Here are some answers to commonly asked questions:
Q: How long does the process take?
A: We’re proud to offer fast turnaround times – usually only two to three days if you have fewer than 5 LPs or cassettes; any order of fewer than 20 LPs or cassettes should take a week maximum.
Q: How can I pay?
A: Most people pay with cash, but we will accept a personal cheque. You can also pay for your order by Paypal - this is especially helpful if you are shipping your stuff to us.
Q: Can’t I just buy the equipment and do this myself? It’s easy, right?
A: Well, it’s certainly not something that requires a four-year university degree (you heard it here, folks). But it does take time to learn and perfect the process. So it comes down to a matter of how much stuff you have to convert, and how much time and money you want to spend. It’s pretty easy to find a “USB turntable” in an electronics store these days, but you’re looking at about $80-100 minimum, for a fairly cheap one. These are known for getting the job done, but not doing it extremely well. You get what you pay for. And then there’s the learning curve – if you’re reasonably good with computers, you could probably learn the process fairly quickly but if you only have a few albums to convert, why bother? Think of it as “renting” our equipment (which is pretty awesome, by the way – see the next question for more info) and doing the work for you instead of you figuring out how to do it yourself.
Q: What kind of equipment do you use?
A: We have a couple of solid Pioneer/Akai turntables for LPs and a high-end Sony cassette deck for tapes – all made back in the day when electronics were built to last! Certainly better quality than any cheap USB turntable you can pick up these days. To record, we use an excellent program called Audacity, used by millions of people around the world, professionals included, to create music, podcasts, and many other things.
Q: Isn’t “copying music” illegal? Can I copy these and give them out to all my friends?
A: It’s not illegal to simply make a copy of that rare old Led Zeppelin recording you own. Legally, you are allowed to make a digital backup as long as you have the original copy. If you’re trying to sell or re-distribute copies, though, that’s not allowed. We can't stop you from doing this, but we don't advise it either.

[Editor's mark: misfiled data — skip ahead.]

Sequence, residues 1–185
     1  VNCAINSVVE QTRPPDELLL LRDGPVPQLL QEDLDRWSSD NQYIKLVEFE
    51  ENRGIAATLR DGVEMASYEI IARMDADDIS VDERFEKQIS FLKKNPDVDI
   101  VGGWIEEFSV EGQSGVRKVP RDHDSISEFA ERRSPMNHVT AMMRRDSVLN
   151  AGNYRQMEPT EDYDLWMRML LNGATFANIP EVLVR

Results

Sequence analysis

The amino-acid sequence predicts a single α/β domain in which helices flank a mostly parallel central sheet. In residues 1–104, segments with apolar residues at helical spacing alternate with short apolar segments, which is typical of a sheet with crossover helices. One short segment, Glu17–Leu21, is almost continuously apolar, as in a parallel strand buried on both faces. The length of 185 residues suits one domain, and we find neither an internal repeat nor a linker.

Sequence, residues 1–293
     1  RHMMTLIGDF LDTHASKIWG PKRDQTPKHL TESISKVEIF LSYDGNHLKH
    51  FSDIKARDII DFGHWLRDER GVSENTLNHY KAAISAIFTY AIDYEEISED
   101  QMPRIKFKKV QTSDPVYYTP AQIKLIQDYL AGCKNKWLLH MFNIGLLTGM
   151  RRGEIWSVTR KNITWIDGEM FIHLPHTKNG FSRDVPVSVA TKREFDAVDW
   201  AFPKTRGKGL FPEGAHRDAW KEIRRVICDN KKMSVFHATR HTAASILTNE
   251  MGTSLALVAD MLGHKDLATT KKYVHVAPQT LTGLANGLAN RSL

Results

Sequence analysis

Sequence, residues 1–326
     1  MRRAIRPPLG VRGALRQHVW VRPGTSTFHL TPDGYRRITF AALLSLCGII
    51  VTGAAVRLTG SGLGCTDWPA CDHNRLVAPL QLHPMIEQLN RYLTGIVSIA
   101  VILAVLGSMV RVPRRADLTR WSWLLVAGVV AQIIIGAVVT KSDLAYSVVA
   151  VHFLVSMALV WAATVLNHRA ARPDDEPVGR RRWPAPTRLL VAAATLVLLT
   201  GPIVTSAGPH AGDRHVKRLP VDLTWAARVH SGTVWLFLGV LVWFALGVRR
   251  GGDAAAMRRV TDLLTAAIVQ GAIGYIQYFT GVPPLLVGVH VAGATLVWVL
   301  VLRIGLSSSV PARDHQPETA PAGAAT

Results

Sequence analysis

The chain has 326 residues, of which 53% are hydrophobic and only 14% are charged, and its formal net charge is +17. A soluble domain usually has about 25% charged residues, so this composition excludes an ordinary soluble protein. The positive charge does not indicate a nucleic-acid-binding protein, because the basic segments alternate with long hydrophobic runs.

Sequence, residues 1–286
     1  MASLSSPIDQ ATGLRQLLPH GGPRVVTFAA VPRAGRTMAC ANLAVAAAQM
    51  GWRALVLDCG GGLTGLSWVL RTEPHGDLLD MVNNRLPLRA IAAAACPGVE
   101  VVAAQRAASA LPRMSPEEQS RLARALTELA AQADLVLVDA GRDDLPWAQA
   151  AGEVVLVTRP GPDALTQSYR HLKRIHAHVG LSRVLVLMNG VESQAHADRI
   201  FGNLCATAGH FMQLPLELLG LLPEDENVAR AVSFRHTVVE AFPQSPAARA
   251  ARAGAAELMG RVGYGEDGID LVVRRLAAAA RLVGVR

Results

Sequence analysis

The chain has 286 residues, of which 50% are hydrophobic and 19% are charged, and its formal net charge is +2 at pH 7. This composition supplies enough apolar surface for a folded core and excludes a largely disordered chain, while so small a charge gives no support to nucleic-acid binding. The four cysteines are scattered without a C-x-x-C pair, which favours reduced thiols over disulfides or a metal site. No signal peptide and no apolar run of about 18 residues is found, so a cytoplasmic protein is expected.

Q: Do you listen to my record/cassette?
A: Only as much as is necessary, to make sure everything sounds okay, and to break songs into individual tracks when necessary. We don’t listen to the whole thing though.
Q: Do you split my albums into individual tracks?
A: Yes! But this is only possible if there are obvious breaks – if it’s a lecture, audiobook, etc., and there are no obvious track breaks, you’ll get two big tracks, one for each side.
Q: My records are a little beaten up. Will they still sound okay?
A: We give records a careful cleaning by hand before playing them, which will at least make them as good as they can be. We can get rid of a lot of the noise (see next question) but if there’s a skip there’s not much else we can do. If it’s a forward-skip, then you’ll hear a little piece missing when you play the song. If it’s a back-skip, though, the kind that bumps the needle back so you keep hearing the same few seconds over and over again, we’ll have to leave that track out entirely.
Q: Do you do hiss/pop/noise filtering?
A: Yes we do! In most cases it’s a great improvement on the original. If you’re someone who loves that unmistakable “vinyl sound”, pops and scratches included, let us know and we’ll keep it unfiltered and “real” for you.